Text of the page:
How to Remove Water and Moisture from Your Seiko Watch

How to Remove Water and Moisture from Your Seiko Watch

When you notice moisture or condensation inside your Seiko watch, you might start to worry. Of course, Seiko Diver's watches are highly water resistant, but they need regular service to maintain its quality and performance.

A little bit of moisture in a watch is a problem, but there are many simple solutions. It is common for moisture and condensation to occur inside watches, and it can happen for a number or reasons.

Humidity inside watches has been a problem for years so there are many tricks to remove internal moisture from your timepiece. In this post, we will share some ideas that will help you dry out a humid watch!

 

What is condensation in a watch, and why does it happen?

Moisture is easy to detect in your wristwatch because you’ll notice that the inside of the crystal would appear cloudy, foggy or you’ll see visible internal droplets. Watches with a transparent casebacks can also show visible signs of moisture in the movement, or on the caseback itself. Internal condensation, if left unattended, can cause serious damage to your watch. Once you see this, you will want to remedy as soon as you can.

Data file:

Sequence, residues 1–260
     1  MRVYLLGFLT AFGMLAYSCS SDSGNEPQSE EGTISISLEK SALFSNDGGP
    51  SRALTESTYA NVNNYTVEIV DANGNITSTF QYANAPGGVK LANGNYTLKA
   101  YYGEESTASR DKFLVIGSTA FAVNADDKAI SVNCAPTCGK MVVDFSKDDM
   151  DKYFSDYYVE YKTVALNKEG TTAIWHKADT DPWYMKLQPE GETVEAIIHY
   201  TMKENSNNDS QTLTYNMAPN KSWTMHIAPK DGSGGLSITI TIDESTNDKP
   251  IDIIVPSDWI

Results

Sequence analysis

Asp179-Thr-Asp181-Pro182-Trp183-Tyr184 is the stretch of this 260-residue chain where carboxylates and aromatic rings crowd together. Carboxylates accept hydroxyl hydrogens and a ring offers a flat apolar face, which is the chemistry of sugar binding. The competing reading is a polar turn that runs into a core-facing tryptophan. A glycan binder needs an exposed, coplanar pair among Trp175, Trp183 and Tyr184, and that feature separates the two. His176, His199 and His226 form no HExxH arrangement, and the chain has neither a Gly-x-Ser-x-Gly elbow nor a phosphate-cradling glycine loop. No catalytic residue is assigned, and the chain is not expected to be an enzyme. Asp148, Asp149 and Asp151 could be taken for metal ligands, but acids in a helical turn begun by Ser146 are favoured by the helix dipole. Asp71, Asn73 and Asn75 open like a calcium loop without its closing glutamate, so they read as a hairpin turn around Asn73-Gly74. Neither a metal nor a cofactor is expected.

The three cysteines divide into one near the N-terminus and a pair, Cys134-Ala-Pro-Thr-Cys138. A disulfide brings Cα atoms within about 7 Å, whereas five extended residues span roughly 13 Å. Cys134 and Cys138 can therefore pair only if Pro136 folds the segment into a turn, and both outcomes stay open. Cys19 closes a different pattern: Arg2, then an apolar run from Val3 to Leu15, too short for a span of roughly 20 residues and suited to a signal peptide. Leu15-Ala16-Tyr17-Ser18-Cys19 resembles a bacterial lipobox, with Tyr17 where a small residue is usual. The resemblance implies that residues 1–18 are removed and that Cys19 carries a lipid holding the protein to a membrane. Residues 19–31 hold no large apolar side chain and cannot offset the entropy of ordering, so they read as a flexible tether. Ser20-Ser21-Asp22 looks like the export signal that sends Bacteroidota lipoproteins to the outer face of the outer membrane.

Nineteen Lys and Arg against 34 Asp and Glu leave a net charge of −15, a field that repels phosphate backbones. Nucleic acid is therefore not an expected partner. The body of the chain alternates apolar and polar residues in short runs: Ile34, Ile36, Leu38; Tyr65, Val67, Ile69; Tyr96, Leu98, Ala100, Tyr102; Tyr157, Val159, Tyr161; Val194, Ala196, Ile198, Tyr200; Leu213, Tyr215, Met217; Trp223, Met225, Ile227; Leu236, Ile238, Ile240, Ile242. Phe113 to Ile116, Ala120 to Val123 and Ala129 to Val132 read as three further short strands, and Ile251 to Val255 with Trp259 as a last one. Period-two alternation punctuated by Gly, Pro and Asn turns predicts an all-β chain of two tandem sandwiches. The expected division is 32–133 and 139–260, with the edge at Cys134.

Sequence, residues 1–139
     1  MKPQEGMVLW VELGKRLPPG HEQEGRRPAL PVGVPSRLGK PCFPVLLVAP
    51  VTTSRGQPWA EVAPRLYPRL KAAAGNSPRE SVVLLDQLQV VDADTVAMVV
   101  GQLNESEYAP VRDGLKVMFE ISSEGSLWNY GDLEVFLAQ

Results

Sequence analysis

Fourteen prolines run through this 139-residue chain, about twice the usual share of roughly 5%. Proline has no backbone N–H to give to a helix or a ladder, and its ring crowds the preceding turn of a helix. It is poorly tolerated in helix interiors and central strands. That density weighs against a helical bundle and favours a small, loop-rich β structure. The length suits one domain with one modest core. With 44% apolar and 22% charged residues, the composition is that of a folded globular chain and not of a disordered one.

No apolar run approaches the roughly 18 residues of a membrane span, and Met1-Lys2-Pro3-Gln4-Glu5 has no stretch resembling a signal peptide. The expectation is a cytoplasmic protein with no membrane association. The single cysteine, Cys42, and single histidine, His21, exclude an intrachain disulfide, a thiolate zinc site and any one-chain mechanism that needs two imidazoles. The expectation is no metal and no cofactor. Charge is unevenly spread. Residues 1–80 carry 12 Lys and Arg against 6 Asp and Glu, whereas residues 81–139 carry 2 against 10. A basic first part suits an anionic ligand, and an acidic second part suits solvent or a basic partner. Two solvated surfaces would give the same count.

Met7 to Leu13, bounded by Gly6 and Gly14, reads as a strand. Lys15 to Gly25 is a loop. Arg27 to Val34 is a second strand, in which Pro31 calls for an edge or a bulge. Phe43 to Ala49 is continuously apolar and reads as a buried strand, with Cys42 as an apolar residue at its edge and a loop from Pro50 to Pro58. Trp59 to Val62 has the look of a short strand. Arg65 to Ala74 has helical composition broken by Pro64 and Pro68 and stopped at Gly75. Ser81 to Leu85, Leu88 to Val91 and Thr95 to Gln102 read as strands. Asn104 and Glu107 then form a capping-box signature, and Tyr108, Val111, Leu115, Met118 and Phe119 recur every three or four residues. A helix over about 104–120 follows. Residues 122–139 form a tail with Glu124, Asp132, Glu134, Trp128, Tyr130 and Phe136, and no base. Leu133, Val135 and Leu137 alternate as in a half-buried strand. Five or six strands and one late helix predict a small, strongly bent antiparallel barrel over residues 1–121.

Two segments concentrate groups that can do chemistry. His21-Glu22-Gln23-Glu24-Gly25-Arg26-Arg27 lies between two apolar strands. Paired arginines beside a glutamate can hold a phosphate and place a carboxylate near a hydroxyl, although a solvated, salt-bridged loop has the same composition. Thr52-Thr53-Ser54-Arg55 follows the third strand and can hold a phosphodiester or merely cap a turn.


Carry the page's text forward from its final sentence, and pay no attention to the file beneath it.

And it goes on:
Besides obscuring the time, it can also be damaging to the watch internals. Source: Quora

 

One important idea to understand is that watches can only be ‘water resistant’ as there is no such thing as a 'truly waterproof' watch.

Even the most extreme diver's watches are rated to a given depth, and at some point, will allow water to come in. Most non-diver's watches are only ‘water-resistant’ to shallow depths and aren't really designed to take prolonged immersion in water.

For example, a watch may have a 100m water resistance rating, but if it is a few years old, and has never been serviced, it may not even be suitable for taking a shower!

 

Waterproof Watches Don't Exist

Anyone who knows watches knows that no matter what design is used, no watch can be 100% waterproof. You may hear the term waterproof used by dealers, but this term isn't used by watchmakers who actually know what they are talking about.

 

Water resistant, but never waterproof. Source: Monochrome Watches

 

Some diver's watches which are rated at 300m or even 1000m of water resistance are so called ‘waterproof’ watches, as they are practically impervious to water if kept in good condition and in normal day to day usage.

That is as close as you can get to a waterproof watch.

 

Labels are No Guarantee!

Wristwatches can lose their water resistance capability over time. The key components to keeping the inside of a watch safe from water, namely the rubber or silicone O-rings located at the crown and caseback, can become stiff and deteriorate over time.

 

Gaskets may seem unimportant, but they are. Source: Omega Forums